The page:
These estimations have been carried out for a scenario of fixed structures with a 50% GCR and a bifaciality factor of 75%.

Understanding how bifacial gain and energy yield depend on the albedo highlights the importance of adapting the ground and maintaining it in order to ensure minimal mismatch losses. 

 

Height to the ground 

The height to the ground is another key factor to take into account when designing and simulating solar plants with bifacial technology. Increasing the module height improves the backside irradiance uniformity, therefore increasing bifacial power gain due to increased perception of ground-reflected light on the rear side. However, increasing the height could also lead to increased wind loads on the modules. 

According to studies from Longi Solar and Waree, the height should be higher than 1m. The suggested optimal is 1.2-1.3 for the best yield results. 

This notion would be reinforced by the simulations obtained in pvDesign. The conditions of these pvDesign simulations are further explained and analysed below. 

 

pvDesign effect of height of the module (Ground Clearance) on bifacial gain
pvDesign effect of height of the module (Ground Clearance) on a bifacial gain Source: pvDesign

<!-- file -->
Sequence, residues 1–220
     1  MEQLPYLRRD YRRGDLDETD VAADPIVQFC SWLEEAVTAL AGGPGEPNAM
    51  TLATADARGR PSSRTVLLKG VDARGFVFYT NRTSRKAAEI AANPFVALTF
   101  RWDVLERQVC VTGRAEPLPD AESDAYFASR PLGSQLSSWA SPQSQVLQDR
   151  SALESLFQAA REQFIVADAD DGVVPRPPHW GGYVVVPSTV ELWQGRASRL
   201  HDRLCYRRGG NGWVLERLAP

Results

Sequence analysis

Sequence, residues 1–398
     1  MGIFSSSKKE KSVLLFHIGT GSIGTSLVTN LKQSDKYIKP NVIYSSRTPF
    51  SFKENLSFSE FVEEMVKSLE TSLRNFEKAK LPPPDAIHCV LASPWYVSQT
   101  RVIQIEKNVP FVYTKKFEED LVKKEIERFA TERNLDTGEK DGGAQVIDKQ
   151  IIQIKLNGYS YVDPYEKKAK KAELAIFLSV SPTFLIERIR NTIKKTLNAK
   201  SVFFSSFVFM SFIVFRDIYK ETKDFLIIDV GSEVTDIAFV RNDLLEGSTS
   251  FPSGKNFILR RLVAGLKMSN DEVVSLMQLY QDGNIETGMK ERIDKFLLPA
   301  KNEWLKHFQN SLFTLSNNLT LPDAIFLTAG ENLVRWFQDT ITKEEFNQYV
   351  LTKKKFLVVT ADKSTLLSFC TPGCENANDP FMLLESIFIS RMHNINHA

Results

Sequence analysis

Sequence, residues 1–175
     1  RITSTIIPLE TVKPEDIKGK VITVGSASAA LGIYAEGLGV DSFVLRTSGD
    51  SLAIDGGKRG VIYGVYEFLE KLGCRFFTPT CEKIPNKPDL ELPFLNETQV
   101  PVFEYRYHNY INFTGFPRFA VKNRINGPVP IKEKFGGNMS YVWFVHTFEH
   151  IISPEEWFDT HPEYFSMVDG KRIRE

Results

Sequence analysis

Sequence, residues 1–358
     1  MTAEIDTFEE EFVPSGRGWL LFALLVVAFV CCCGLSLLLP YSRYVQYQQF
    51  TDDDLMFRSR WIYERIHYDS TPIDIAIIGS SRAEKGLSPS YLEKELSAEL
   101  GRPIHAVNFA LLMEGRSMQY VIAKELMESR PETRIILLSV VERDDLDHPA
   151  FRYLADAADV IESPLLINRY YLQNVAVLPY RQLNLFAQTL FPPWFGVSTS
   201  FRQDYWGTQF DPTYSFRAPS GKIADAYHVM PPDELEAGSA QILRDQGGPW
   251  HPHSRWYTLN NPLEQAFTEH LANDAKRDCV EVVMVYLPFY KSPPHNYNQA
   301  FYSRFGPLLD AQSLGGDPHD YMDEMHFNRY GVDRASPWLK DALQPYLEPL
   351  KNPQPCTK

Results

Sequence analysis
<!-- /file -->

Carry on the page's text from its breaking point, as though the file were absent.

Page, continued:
Ground Cover ratio 

GCR is the ratio between the area occupied by PV modules and the total available area. This ratio is directly related to the pitch distance, the inter-row spacing between tables of PV modules. Decreasing the GCR implies a greater pitch distance, thus increased energy production. However, this also has an effect on the power plant area. The suggested GCR for optimized results according to Waaree and pvDesign would be around 40-50%. The conditions of these simulations are again further explained below. 

 

pvDesign effect of Ground Cover Ratio (GCR) on bifacial gain
pvDesign effect of Ground Cover Ratio (GCR) on bifacial gain (Source: pvDesign)

 

Potential in world regions 

A recent article on bifacial project’s LCOE published on Joule found that bifacial modules paired with single-axis trackers achieve lower LCOE in most locations (93,1% of the world) when compared to bifacial modules mounted on dual-axis trackers. The latter would generally show a boost in energy yield of around 35 - 40%.

To obtain the above conclusions, the paper mentioned explores the cost effectiveness of bifacial versus monofacial PV plants with different structures (fixed-tilt, 1T and 2T) worldwide and compares the results obtained.